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8 Critical Truths About STC Scores

The STC score of a door is 30 to 33, that of a window is about 18-20, and an exterior wall of a new home is 55. 

There’s an easy temptation to select the highest STC score presented and then move on. But just because a wall has one score on paper, doesn’t mean that’s how it will perform in real-world conditions. Before making promises to your clients based on STC, it’s vital to know what those numbers do and don’t really mean in the field.

1. STC Scores Reflect A Lab Setting that Doesn’t Exist in the Real World.

High STC scores sound great on paper, but they aren’t meant to be predictive of real-world performance. The STC ratings you get quoted are from lab tests where a partition is placed between two carefully controlled rooms built for the specific purpose of testing for sound transmission loss. As a result, STC scores are not great predictors of real-world sound mitigation. In the field, sound transmission and overall noise levels will be determined by many factors for which STC scores do not account. 

2. Sound Is Like Water, It Finds a Way Out.

If your bucket has holes in it, it doesn’t matter what it’s made of, it’s still not holding water. The same is true of walls and sound. A room is made up of an office front, as well as 3 other walls, a ceiling, and a floor. The office front can have an excellent STC score, but sound can still get in through the rest of the room. Outlets, windows, doors, gaps in ceiling tiles, floors, joints, joists, plumbing, and any other openings between two rooms will allow for sound transmission, regardless of the STC score of an office front wall. This is known as Flanking Transmission, and it can undermine all the effort you went through to choose top-quality products. Your design and construction choices can nullify the sound transmission properties of your walls. To learn more about Flanking, download our whitepaper on the sound here.

3. Sound Control Comes from Within.

The next issue with STC scores is that noise control is not just about transmission from one room to another, it’s about acoustics, or how sound behaves within a room. Many people expect that installing partitions with high STC ratings will make their offices quieter. Unfortunately, the STC rating of a wall only measures how well it keeps sound from traveling between rooms. A wall can have an STC rating of 45 and a room could still be quite loud if that room has poor Noise Reduction Coefficient (NRC) scores. NRC, the measure of how well a room absorbs sound, reveals a great deal of information for which STC scores do not account. For a more complete discussion of NRC and sound mitigation strategies, click here.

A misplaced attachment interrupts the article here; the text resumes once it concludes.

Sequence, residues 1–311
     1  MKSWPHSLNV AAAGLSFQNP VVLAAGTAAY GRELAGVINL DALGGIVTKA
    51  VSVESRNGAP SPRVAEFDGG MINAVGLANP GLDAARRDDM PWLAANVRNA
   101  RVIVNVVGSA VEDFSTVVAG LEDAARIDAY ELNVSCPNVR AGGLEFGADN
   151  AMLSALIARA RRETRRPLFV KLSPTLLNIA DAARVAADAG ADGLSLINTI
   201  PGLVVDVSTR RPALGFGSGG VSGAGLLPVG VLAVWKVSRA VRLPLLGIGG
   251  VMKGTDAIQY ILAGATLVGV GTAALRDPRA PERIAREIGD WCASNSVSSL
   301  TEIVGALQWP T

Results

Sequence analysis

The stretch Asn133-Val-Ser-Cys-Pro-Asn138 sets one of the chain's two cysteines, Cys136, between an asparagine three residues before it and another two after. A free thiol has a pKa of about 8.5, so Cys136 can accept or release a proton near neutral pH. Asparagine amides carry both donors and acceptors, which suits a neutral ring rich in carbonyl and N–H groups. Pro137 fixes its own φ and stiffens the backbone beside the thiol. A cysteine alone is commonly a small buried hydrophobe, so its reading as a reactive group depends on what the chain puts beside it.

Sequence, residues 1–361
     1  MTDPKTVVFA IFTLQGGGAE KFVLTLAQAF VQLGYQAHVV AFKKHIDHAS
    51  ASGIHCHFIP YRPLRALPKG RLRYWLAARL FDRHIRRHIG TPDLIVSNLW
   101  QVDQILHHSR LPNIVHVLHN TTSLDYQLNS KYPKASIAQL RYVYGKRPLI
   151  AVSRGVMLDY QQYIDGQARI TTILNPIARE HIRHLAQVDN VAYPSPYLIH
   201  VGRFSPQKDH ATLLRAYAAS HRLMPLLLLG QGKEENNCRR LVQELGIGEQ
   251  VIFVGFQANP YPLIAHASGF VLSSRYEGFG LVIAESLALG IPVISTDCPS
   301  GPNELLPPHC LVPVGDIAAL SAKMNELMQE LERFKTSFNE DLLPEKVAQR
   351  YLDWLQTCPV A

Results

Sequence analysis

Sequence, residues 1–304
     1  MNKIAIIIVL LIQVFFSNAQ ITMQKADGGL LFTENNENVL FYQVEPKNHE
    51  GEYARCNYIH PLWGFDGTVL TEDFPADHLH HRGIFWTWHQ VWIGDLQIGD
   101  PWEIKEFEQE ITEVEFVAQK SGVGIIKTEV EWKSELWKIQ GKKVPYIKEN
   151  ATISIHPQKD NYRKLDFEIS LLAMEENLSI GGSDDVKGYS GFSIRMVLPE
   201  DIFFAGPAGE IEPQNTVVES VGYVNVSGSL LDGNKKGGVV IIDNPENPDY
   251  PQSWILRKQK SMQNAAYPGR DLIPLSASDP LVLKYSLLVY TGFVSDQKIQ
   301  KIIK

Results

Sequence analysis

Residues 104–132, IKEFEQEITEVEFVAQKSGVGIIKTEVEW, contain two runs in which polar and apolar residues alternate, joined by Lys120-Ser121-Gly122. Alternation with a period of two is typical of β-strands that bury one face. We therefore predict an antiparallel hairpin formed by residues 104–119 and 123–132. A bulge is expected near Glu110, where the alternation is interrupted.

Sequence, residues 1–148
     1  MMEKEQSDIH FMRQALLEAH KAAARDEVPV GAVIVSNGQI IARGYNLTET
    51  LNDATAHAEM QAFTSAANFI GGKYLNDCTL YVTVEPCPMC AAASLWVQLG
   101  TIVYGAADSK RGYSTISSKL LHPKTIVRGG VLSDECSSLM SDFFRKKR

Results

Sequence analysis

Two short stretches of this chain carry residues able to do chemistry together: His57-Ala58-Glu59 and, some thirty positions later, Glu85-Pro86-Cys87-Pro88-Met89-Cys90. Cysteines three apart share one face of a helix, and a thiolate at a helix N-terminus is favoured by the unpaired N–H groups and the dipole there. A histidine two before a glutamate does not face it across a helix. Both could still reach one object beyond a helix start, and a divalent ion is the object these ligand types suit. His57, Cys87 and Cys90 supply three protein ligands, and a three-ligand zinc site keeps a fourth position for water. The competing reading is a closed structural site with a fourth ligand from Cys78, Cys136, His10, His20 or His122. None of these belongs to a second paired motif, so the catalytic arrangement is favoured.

4. Size Doesn’t Matter.

Even in lab settings, there’s no practical difference between slightly different STC scores. These numbers are generated by machines and though it may seem like 37 is better than 36 or 35, to humans, differences that small are barely perceptible and it would take STC score differences up to 5 to be “clearly noticeable,” according to the MSHI. Minute differences in STC scores may matter to machines in a lab, but real offices are staffed by humans who won’t be able to notice the difference. 

5. It’s Not the Car, It’s the Driver.

Yet another reason lab-tested STC scores don’t translate into the real world is human assembly. The most expensive partitions on the market, with the highest STC scores, can still perform poorly if they aren’t properly installed. Though it’s easy to compare STC scores and move on, in the real world, it’s usually more accurate to compare the quality, service, reputation, and installation of your partition provider. Working with quality companies that you trust is more critical to a final product than lab-tested STC scores. 

6. The Truth Hertz

STC scores measure sound transmissions down to a frequency of 125 Hertz (Hz). Unfortunately, the human ear can hear sounds as low as 20Hz. So, although STC can offer some, not much, predictive ability when it comes to mitigating higher-pitched sounds, there are a host of common noises that STC, even in lab settings, doesn’t test for. Industrial equipment, office equipment, photocopiers, footsteps, traffic, bass sounds, and even many male voices operate well below the 125Hz threshold tested for by STC. To learn more, our whitepaper offers a detailed discussion of the many surprising ways frequency affects sound transmission.

7. 2+2 Does Not Equal 4!

STC scores are logarithmic, not linear, so you can’t just combine a 20 STC wall with a 30 STC wall and expect an STC score of 50. You’d actually end up with an STC score closer to 32. For those interested in math, our whitepaper goes into more detail about the logarithmic nature of STC scores.

8. You Have to Seal the Deal.

Proper sealing is critical to noise management. Buying walls with the highest STC scores but not having full-door gaskets is like buying a yacht with a hole in the bottom. It’ll look nice, but it won’t perform terribly well. Door gaskets, drop seals, and other methods of sealing the space between doors and walls are critical to reducing sound transmission through your walls.

It’s understandable to want the best. But it’s just as important to recognize that the nature of STC scores means that higher scores don’t directly translate into better real-world performance. Looking at STC ratings is a good starting point when comparing two products, but it isn’t an effective way to make real-world decisions. In the field, noise control requires a complex balance of many factors for which STC does not account.

If you have any questions or just want a more detailed look at standard STC scores for construction and in-depth explanations of each of the above points, you can download our whitepaper here to empower yourself with the knowledge you need to make the best possible decisions.

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